TAST Week 27

TAST Week 27

TAST Week 27 is Barb stitch, which is an easy variation of the buttonhole family. It is quickly worked, making experimentation fun. You will not find it difficult to work if you know how to stitch buttonhole stitch. Check out the Barb stitch tutorial, as it also demonstrates how to work the beaded version too.

Beaded Barb Stitch step 2

Both versions are very easy and quick to work I hope you enjoy the stitch!

Beyond TAST Week 27

Beyond TAST is a challenge for those people who have done TAST before, or for those who already know the basic embroidery stitches.

The Beyond TAST challenge stitch is Crested Chain stitch which is a bit tricky to start off with, but once you get the swing of moving back and forth it develops a nice feel. It is one of those stitches that looks best in a thread with a firm twist such as cotton perle #5 or #8. I like this stitch chunky, so even #3 is good. You can find a tutorial for stitch Crested Chain stitch. Try it out and have fun.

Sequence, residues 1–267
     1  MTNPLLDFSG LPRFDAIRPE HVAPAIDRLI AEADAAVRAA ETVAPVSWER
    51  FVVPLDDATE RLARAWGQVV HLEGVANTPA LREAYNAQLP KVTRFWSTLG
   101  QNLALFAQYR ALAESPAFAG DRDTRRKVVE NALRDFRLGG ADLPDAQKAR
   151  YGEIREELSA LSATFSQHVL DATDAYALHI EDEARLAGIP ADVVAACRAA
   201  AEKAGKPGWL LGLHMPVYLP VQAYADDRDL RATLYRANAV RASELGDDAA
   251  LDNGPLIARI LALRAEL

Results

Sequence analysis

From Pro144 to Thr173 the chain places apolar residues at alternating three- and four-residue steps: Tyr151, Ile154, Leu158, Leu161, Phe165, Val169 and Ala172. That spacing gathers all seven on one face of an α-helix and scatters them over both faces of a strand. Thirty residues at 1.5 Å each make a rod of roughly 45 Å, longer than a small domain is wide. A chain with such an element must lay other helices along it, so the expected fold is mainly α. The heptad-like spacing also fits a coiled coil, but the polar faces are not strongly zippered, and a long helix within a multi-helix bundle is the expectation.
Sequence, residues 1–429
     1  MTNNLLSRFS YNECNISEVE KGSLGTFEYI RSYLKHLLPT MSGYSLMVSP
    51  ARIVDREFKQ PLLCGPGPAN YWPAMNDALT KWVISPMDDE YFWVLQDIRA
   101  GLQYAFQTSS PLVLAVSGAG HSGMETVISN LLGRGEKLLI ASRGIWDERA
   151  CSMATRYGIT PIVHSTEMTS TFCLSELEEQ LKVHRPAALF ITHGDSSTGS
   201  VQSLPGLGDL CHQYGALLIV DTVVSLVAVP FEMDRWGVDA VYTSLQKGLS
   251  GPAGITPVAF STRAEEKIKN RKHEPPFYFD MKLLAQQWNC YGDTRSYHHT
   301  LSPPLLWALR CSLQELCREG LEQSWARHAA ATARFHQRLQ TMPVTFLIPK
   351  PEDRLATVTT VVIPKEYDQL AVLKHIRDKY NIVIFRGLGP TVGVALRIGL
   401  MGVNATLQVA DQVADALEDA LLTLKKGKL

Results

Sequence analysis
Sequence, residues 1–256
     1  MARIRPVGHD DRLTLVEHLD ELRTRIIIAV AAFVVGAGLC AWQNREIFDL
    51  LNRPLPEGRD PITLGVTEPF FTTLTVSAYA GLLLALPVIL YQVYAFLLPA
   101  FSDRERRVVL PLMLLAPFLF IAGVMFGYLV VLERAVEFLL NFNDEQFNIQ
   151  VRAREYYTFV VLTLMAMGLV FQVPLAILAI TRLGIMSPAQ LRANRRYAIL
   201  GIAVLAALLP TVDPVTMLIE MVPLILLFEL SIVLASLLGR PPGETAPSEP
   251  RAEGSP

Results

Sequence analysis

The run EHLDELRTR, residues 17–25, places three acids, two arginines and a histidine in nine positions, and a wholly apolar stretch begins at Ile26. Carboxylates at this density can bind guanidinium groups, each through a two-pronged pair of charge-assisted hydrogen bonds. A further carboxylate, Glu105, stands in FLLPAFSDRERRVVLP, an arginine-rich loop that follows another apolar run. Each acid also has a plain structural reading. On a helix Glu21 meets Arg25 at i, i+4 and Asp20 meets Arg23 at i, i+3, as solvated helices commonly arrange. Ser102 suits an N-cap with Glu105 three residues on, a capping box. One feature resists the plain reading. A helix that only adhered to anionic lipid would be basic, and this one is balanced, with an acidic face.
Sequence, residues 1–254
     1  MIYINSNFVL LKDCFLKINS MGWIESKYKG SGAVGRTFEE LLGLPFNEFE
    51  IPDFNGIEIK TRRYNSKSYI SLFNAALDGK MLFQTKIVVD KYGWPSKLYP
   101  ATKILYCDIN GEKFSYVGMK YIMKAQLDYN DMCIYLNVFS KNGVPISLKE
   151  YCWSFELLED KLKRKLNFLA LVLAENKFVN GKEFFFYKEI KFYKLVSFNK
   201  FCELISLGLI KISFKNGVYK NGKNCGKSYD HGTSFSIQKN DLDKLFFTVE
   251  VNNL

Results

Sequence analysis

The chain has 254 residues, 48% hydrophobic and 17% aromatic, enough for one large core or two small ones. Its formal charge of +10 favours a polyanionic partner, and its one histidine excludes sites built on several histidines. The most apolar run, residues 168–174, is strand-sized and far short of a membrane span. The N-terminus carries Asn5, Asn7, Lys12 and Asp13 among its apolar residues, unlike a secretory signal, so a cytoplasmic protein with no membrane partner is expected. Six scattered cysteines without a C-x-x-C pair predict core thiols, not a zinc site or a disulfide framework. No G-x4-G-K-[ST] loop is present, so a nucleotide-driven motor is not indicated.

Crested chain stitch on fabric postcard

Where to share your stitching samples for TAST week 27

If you are new to hand embroidery the challenge is to learn the stitch and share what you have learnt. If you are an experienced embroiderer, enjoy Beyond TAST and give your work a modern twist. Share your samples online so that beginners can see what can be done with a little imagination.

Stitch a sample, photograph it, put it online on your blog, or share it in the TAST Facebook group or wherever you hang out online. Hashtags are #TASTembroidery and #PintangleTAST on places like Instagram etc. If you have a blog leave a comment on the Barb stitch page, or the Crested Chain stitch page.

If you need more information the challenge guidelines are on the TAST FAQ page.

Have you seen my Crazy Quilting book?

holding my book in front of quilt

My book The Visual Guide to Crazy Quilting Design: Simple Stitches, Stunning Results shares detailed practical methods about how to design and make a crazy quilt. From fabric choice, to balancing colour, texture, and pattern, in order to balance and direct the eye around the block.  I cover how to stitch, build decorative seam treatments in interesting and creative ways. My book is profusely illustrated as my aim is to be practical and inspiring.

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